Now that we see that money itself should not be looked at as evil per se, but merely a preferred (and sensible) tool for exchange of goods and services, we can now look at the call for not paying our financial obligations in order to advance an agenda (agenda such as sticking it to the evil 1 percenters and those “Corporate fat cats”). Of course this call was borne out of the uber-liberal’s favorite type of warfare – Class Warfare. You have the “good” (the poor and the so-called 99 percenters) versus “evil” (the rich and the so-called “1 percenters”). The concept makes for good theater and drama but for some reason I personally find this idiotic call to be quite unnerving as it seems to promote that a disgraceful behavior is okay if you dress it up as a big “F-You” to the powers that be. I’m sorry but I still look up more favorably towards a balut vendor walking the streets of Manila selling his product than towards a looter who simply prefers to take what others have earned.
Wait a minute. Did I just equate those “Occupiers”, demanding for the wealth of the “evil” 1 percenters to be redistributed to the “victimized” 99 percenters, to looters? Well, if one is to think about it there is really not much difference between the two. In essence, taking from those who produce makes one simply a looter or a thief. Just because Henry has money doesn’t make him any better or worse, as a person, than the average Juan. What matters is how Henry got his money. If he obtained his money by creating value then money merely serves as a token of honor. If the average Juan simply took money from Henry without having to create value then there’s no honor there. Looting (or theft) can never be honorable despite the “good intentions”. Unfortunately, most people who demand that the “rich” get taxed more in the spirit of “equality” seem selective when it comes to the overall scheme of things. Did the average Juan create the same value and did he take the same risks as a, say, Henry Sy? Taking from the “rich” to give to the “poor” maybe a good political rhetoric to win the “masa vote” but where is “equality” and “fairness” in that?
Anyway, so what if people don’t pay their mortgage, car payments, credit card bills, and taxes? How are the home builders supposed to be compensated? How can a car factory worker be paid for his labor? How about the many men and women who work to produce the goods and services used by a person who refuses to pay the credit card bill reflecting the consumed goods and services? Where is the justice in getting stiffed by those who have a big beef against people who make more than they do? The way I see it, the whole call to stiff the powers that be just to promote (financial/economic) equality and social justice is a big puerile contradiction.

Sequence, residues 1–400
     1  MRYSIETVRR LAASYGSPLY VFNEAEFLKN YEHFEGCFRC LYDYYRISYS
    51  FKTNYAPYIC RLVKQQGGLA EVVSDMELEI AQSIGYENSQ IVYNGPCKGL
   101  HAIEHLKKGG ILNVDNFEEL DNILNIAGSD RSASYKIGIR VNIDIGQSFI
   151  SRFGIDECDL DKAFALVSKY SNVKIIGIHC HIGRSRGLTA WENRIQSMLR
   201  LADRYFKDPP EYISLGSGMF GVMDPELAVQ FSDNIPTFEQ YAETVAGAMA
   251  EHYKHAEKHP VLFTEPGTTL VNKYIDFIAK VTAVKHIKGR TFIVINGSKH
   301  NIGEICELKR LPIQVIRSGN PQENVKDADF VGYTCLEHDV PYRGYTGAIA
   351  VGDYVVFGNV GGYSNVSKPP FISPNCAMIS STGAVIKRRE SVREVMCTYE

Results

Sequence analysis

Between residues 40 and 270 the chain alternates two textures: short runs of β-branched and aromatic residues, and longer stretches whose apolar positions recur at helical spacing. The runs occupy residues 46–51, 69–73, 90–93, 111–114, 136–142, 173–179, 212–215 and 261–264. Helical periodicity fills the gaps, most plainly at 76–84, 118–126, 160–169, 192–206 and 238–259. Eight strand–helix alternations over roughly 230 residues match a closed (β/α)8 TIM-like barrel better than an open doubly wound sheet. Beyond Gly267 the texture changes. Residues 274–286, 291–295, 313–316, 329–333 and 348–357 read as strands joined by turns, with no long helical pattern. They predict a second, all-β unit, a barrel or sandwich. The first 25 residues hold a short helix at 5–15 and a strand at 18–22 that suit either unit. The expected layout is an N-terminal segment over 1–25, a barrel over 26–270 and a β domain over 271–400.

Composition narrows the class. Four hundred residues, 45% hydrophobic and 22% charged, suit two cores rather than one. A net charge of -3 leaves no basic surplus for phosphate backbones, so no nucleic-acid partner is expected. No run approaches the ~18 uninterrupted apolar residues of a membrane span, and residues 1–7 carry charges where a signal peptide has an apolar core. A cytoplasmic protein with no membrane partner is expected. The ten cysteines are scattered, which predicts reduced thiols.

At the end of it all, the argument of the sheep-like minded uber-liberal dolt, very much like the many dime-a-dozen Occupy Movement peddler, hinges on the evils of inequality. For her and her ilk, they cannot accept that capitalism results in unequal outcomes. That’s really their main argument – that it isn’t fair that they have to work their butts off on a Sunday morning or for at least 40 hours per week just to make chump change compared to the fat lazy cats of Wall Street. They consider themselves as the “have-nots” calling for equality with the “haves”. Of course, the “haves” are any folks with more than what they have. Never mind the fact that most of us (and I daresay even most of the Occupy proponents) are also “haves” compared to others. So remove the romanticism of dissent and sticking it to “the man” and what they have is merely petty selfishness and envy. As author Mark Goldblatt fittingly described it: “It’s more of a self-righteous grunt, a narcissistic demand to be heard despite an inability to form meaningful sentences”.
Calling a spade, a spade…